Saturday, August 8, 2020

The estate of my heart

When you are a super positive person, it is difficult to be sad. Even when you have to. I decided to give this a try for myself. I had a deeply sad week. 

I thought I should be honest with people about the estate of my heart. I told myself that if anyone would ask me how I was doing, I would tell the truth. 

I got in my car and went to Starbucks. If was going to be sad, at least I shouldn't be hangry on top of that. The drive-thru barista said, "how are you, honey?" Without waiting for a second, I said, "fine." I drove away disappointed at myself. 

All those years of being positive became a habit. I'm always fine. Until I'm not. 

Regardless of what I say, the heart does not forget its sorrow. So I feel it. 

It took me a while to learn that I should feel my own feelings. I would suppress them. Now I try my best to feel them as they come. 

Some sadness is overpowering, such as the one that takes over me when I grief a loss. Another sadness is not as overpowering but it can be as strong once it shows up. I decided to feel them all as they come to me. The other day, as I was reading the Bible, the writer said sadness was better than joy. My only rationale for such a thing is, if you're at the bottom, things can only get better from there. 

The writer summarizes how I feel. "Sorrow is better than laughter, for by sadness of face, the heart is made glad." Ecclesiastes 7:3 (ESV).

Having One Another

Sometimes, you all you have is one another.

When Zeke and I got married, we only had one another. There was no big wedding - we couldn't afford one. There was no big wedding party - everyone was far away. What we did have was God and the few people He placed around us. 

There is a lot to learn when all you have is one another. 

We learned to rely on one another. We couldn't run home to complain or talk. We had to learn to work things out. We did seek Christian counseling. We learned to create healthy habits for ourselves that did not involve friends and family. After all, the marriage is ours. We solidified this fact during our early years. 

We learned to work together. I'm amazed at how much you learn when all you have is your spouse. You learned to lock arms and work together. Once the kids joined us, we continued our journey. I choose to believe that we have grown stronger from the inside out.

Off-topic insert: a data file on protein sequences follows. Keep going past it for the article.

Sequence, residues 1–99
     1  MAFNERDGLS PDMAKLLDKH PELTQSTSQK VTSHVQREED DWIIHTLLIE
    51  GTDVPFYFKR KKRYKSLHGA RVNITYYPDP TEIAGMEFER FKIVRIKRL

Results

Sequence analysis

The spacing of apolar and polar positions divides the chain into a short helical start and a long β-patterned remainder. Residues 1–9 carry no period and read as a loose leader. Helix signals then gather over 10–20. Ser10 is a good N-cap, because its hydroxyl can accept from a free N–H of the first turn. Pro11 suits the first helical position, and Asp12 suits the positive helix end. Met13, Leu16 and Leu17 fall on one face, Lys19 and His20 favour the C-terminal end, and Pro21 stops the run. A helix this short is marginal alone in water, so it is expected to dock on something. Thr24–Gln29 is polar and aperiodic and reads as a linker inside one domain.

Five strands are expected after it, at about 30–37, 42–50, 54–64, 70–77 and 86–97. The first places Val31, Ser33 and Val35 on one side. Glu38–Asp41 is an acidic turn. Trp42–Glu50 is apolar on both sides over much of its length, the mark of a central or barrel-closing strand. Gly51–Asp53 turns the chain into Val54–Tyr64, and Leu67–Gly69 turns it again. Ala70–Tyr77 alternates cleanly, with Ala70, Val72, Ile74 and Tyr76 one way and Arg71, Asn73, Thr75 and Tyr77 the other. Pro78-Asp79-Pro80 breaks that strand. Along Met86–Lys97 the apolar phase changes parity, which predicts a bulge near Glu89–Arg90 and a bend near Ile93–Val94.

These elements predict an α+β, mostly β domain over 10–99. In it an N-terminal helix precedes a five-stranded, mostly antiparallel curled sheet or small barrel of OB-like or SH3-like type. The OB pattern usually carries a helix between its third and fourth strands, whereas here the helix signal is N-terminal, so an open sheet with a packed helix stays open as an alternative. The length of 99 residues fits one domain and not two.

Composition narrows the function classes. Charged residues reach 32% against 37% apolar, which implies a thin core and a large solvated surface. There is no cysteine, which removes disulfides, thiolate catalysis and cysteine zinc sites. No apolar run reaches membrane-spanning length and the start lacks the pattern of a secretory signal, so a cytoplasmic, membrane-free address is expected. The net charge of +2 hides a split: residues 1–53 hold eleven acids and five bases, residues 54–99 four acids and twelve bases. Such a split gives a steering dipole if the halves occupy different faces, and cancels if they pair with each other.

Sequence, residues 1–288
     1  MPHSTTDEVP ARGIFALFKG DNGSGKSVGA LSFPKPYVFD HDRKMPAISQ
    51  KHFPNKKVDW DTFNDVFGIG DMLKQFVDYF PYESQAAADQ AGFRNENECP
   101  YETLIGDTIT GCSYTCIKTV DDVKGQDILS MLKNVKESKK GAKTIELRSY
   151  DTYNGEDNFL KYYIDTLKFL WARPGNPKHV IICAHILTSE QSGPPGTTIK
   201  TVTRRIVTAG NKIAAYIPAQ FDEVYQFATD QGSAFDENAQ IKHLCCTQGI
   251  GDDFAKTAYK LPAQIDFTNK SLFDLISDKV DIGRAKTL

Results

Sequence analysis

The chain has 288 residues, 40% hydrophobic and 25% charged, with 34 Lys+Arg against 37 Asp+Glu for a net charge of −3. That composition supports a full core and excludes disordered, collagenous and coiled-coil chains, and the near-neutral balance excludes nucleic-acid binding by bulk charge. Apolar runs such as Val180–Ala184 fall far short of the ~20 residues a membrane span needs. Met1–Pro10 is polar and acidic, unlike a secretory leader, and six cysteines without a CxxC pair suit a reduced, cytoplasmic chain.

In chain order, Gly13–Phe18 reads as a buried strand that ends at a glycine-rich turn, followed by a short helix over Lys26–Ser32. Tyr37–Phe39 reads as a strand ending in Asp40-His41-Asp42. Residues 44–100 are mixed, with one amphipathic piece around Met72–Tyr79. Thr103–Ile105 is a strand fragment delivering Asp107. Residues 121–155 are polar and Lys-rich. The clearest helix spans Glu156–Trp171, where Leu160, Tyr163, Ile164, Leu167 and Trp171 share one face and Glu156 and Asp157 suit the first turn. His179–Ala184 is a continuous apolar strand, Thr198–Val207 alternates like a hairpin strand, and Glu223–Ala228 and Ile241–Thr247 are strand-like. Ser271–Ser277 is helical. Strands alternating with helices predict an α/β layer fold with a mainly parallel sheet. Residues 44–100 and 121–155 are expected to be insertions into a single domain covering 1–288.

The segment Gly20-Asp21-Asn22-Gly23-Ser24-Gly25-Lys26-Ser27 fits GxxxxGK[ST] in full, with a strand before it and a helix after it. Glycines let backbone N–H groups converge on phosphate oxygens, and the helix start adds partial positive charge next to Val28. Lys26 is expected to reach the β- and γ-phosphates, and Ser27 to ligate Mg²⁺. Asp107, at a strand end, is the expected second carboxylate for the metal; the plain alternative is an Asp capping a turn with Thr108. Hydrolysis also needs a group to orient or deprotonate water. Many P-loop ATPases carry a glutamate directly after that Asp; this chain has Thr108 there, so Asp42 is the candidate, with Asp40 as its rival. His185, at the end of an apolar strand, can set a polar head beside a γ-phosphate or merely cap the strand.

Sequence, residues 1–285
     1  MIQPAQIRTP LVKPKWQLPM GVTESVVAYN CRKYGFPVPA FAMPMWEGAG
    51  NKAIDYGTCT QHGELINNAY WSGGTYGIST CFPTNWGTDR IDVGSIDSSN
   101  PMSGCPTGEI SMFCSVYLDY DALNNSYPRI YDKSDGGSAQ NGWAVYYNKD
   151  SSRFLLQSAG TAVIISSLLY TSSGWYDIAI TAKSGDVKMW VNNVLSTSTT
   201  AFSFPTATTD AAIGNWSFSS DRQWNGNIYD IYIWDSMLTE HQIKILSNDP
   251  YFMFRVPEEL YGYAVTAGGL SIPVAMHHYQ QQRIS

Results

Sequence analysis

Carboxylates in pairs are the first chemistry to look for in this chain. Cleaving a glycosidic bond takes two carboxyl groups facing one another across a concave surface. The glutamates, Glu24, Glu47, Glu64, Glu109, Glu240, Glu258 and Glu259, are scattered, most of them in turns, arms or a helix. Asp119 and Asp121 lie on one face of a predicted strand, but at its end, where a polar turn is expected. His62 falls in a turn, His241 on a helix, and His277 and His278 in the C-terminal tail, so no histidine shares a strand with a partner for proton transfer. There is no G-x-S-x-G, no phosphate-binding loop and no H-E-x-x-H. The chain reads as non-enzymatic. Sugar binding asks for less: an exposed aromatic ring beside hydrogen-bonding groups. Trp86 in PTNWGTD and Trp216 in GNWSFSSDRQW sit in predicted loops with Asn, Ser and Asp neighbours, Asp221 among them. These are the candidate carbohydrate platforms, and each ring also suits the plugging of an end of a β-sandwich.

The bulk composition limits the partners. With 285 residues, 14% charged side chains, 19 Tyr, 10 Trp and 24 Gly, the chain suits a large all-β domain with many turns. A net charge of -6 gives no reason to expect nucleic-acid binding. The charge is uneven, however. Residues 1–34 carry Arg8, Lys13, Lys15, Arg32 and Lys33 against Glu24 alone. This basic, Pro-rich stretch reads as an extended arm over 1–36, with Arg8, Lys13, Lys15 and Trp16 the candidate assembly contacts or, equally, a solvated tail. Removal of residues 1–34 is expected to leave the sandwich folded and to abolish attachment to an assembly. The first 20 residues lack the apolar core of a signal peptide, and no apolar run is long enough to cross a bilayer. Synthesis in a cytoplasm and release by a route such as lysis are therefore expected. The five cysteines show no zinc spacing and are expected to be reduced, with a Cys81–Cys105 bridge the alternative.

We learned we have nothing to prove. We got married before social media was a thing. I was already blogging, but things were not as they are today. We missed on the dance you do. You show pretty pictures. You show the pretty people all smiling and looking perfect. We didn't have perfect, and we didn't show what we had. We had nothing to prove and everything to gain. We gained what mattered the most: God's blessing on our marriage. Being stripped of every fluff imaginable worked for us. 

Sometimes, all you have is one another. 

And that's exactly what you will ever need.

Housekeeping over the years

Housekeeping drove me crazy over the years. I knew homes need to be clean. I've never been the person to love that chore. In College, I learned that Saturday was the best day to clean my room. I did not have a roommate, so I cleaned the place for myself. I also washed my clothes on Saturdays after my break from work. 

When I graduated, I shared a duplex with a roommate. She was there first, so the rules were: no dishes in the sink overnight, and we each clean the entire place (except for the other's room) the other month. 

When I graduated, I lived in a tiny little place. 6 months later I was married to the love of my life and I guess that's when I officially become responsible for the housekeeping of an entire family. 

Before the kids were born, it was tough. My major problem was with paperwork. One weekend, I decided to organize everything, one hour at a time. I even wrote about it. I called "the power of one hour." Here is a before and after photo of my results. 

Organizing that paperwork gave me encouragement to know that I could conquer that major issue with clutter. What I didn't know then was that cleaning and organizing a home takes time and effort. 

Sometimes, you just don't have a lot of time. But things need to be done anyway. I remember starting a new job in my now new hometown. While I was job searching, I spent time cleaning, organizing things, cooking, taking care of the family, and volunteering at church. Once I started working full-time, I had little time for cleaning. I needed to clean anyway. 

I learned to prioritize my projects. I knew from past experience that when everything is chaotic, I need to start with laundry and food. That's how you go from overwhelmed to organized. I did that a lot. When I was chronically busy, I made sure there was food on the table and the laundry was done. These two simple chores helped me to properly care for the family, myself, and make progress with everything else I had going on.

I learned that sometimes, you just do not have time to invest in organizing things. I wrote a blog post with creative ways to organize your home. I used one of the strategies last week. A few weeks ago, I had a few service people at our house often. I had 3 clothes hampers filled with clothes day after day outside of our laundry room. I decided that the service people did not need to see those hampers week after week so, I decided to store them in the linen closet. I  used the strategies of "hide some stuff" and "ignore it until you can do something about it." Hiding made the space look cleaner. Ignoring the issue helped me wait until I had time to take care of the problem.

Well, I had some extra time last week and I was able to completely take care of those 3 clothes hampers. 

A second issue I had was the thought that if I only had help, housekeeping will be easier. I've had seasons when I was doing everything by myself as a stay-at-home mom. I've had occasional help as a SAHM. I also had seasons when I was working full-time and cleaning full-time. I also know what it means to work full time and have the help of a housekeeper. Housekeeping never got easier: I got smarter.